Wednesday, August 09, 2006

Pre-Sinaitic Jewry

The Talmud teaches[1] that Abraham observed the entire Torah before the Torah was actually given at Mount Sinai because the Torah says, “Since Abraham listened to my voice, and he guarded my watching, my commandments, and my statutes, and Torahs.” The ultimate word teaches that Abraham followed both the Written Torah and the Oral Torah. However, despite this fact, there remains a controversy over the halachik status of Abraham and his family until the Sinaitic Revelation. This controversy discusses whether the pre-Sinai Abrahamic family had the legal statuses of Jews or they were considered Noachides until the acceptance of the Torah at Mount Sinai. Assuming the status undoubtedly either way creates both leniencies and stringencies in the law for Abraham and his early descendents, so some opinions compromise and assume that they had the status of both in order to be stricter.

Rabbi Shmuel ben Yitzchok Yaffe Ashkenazi of Constantinople/Istanbul (1525-1595) seems to understand that from the time that Abraham performed the circumcision on himself, his family lost their status as Noachides and therefore already had the halachik status of Jews, and all the legal leniencies that such a classification causes. Rabbi Ashkenazi proves this from the fact that Jacob was allowed to marry two sisters even though a person is not normally allowed to marry two sisters[2]. He explains that because Abraham’s family were already not mere Noachides but had the status of Jews, Jacob had both Rachel and Leah convert to Judaism, and since a newly converted convert is likened to a newly born baby[3], they did not retain their former relationship as sisters, and Jacob could marry both. Furthermore, he proves that the descendants of Abraham were considered Jewish and not Noachides even before the Revelation at Mount Sinai from various Midrashim[4] which assume that Jacob and Joseph observed Shabbos, despite the Noahidic prohibition of observing Shabbos[5], because they must not have been Noachides[6]. He proves his point from a Midrash[7] that says that when Joseph was claiming that Benjamin stole his goblet, and should be enslaved, Judah countered that Benjamin need only repay him the lost monies, without being enslaved. However, this rule that one need only repay stolen goods is only according to Torah law by which Jews are bound[8], according to Noachide law, if one steals he is immediately subject to the death penalty[9].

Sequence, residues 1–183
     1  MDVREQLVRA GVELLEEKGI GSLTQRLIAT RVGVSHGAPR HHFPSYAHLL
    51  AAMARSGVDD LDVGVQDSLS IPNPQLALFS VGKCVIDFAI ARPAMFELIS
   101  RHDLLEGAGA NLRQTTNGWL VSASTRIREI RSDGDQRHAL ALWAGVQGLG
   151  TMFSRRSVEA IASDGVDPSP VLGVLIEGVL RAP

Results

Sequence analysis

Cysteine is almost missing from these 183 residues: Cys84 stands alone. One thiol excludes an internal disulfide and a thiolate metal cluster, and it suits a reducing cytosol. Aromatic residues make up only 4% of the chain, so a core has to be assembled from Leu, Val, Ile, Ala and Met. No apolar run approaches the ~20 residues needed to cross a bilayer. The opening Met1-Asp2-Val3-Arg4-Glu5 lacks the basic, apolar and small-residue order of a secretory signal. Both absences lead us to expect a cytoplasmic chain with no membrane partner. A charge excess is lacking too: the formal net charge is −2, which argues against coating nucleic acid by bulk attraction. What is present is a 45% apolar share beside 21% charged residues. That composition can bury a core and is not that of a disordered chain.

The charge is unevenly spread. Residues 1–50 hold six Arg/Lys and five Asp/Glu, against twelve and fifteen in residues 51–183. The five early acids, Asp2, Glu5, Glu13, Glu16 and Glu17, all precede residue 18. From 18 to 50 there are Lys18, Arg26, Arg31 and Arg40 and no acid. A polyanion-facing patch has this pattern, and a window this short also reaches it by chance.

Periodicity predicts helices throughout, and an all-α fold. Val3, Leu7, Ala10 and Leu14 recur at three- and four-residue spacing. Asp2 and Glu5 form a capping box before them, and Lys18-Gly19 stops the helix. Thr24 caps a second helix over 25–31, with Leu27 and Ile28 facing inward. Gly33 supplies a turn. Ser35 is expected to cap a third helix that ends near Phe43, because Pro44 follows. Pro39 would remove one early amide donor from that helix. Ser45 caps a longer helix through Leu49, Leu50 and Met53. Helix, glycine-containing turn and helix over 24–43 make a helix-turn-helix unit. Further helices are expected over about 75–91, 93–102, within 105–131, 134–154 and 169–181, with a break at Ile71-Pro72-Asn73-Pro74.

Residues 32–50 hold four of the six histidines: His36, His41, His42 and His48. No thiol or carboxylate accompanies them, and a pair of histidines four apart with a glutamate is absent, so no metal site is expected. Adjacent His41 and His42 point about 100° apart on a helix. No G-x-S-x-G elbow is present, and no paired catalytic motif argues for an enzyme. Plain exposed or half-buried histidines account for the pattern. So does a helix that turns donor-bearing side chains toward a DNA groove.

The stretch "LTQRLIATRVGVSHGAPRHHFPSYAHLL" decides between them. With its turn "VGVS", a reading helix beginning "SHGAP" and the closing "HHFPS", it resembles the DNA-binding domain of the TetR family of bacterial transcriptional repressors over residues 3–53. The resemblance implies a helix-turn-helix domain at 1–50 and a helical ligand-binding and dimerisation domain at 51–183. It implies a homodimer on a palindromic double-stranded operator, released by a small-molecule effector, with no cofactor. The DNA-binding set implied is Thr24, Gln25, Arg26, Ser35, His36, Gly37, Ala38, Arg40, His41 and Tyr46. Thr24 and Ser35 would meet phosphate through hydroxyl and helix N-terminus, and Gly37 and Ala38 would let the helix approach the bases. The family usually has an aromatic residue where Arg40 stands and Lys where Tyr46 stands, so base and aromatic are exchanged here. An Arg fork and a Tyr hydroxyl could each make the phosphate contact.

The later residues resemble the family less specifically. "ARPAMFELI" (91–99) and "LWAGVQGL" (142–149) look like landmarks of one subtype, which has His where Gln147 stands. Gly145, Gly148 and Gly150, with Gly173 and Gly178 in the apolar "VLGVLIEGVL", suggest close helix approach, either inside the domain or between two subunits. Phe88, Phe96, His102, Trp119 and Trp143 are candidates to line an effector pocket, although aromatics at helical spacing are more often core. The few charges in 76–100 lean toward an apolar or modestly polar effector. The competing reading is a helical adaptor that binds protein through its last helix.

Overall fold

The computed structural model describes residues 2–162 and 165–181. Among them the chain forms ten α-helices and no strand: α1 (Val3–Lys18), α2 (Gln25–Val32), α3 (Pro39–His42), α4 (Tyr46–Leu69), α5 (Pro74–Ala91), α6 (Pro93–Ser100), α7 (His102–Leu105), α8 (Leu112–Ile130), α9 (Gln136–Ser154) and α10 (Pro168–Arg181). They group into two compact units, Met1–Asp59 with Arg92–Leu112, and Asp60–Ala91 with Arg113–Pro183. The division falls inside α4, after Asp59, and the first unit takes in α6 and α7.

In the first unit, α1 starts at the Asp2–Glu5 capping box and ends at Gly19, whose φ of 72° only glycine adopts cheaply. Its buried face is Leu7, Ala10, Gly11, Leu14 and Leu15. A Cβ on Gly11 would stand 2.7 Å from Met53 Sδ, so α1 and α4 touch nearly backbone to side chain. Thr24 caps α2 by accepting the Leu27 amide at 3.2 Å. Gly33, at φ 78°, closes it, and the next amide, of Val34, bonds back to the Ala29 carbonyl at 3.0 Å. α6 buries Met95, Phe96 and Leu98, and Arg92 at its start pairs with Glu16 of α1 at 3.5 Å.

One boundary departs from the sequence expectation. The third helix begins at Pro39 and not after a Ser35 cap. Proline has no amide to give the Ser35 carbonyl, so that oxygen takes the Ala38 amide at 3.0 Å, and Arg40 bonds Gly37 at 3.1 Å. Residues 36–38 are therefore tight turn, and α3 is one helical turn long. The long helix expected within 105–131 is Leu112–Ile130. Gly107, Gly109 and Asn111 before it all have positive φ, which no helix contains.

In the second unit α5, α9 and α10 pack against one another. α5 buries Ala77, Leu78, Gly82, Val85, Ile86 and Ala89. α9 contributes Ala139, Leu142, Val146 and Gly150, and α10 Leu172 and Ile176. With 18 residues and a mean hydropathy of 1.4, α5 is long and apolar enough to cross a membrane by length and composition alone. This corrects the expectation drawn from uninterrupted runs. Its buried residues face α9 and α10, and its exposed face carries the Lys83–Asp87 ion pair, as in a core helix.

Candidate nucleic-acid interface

However, Rabbi Eliyahu Mizrachi (1455-1526) of Constantinople understood that the family of Abraham had the status of both Noahides and Jews and used whichever status was applicable to be more stringent in their obligations. Accordingly, Jacob’s permission to marry two sisters did not stem from the fact that he was not a Jew nor from the fact that he was not a Noachide, rather there must have been a third reason. Similarly, the ancestors of the Jewish Nation did not keep the Shabbos because they were Jewish, because their Noahide status should also have blocked that; rather there must have been a different reason. This understanding of Rabbi Mizrachi’s opinion explains why he questioned Tziporah’s permission to circumcise her son, Gershon, while traveling[10] despite the danger in doing so and the prohibition of performing Mitzvos in the face of danger[11]. Rabbi Mizrachi felt that even though she was Jewish before the Sinaitic Revelation, and therefore was commanded to circumcise her son[12], she still could not be lenient on her prohibition of performing Mitzvos while in danger, because in regard to that, she was still considered a Noachide and had no commandment to circumcise Gershon.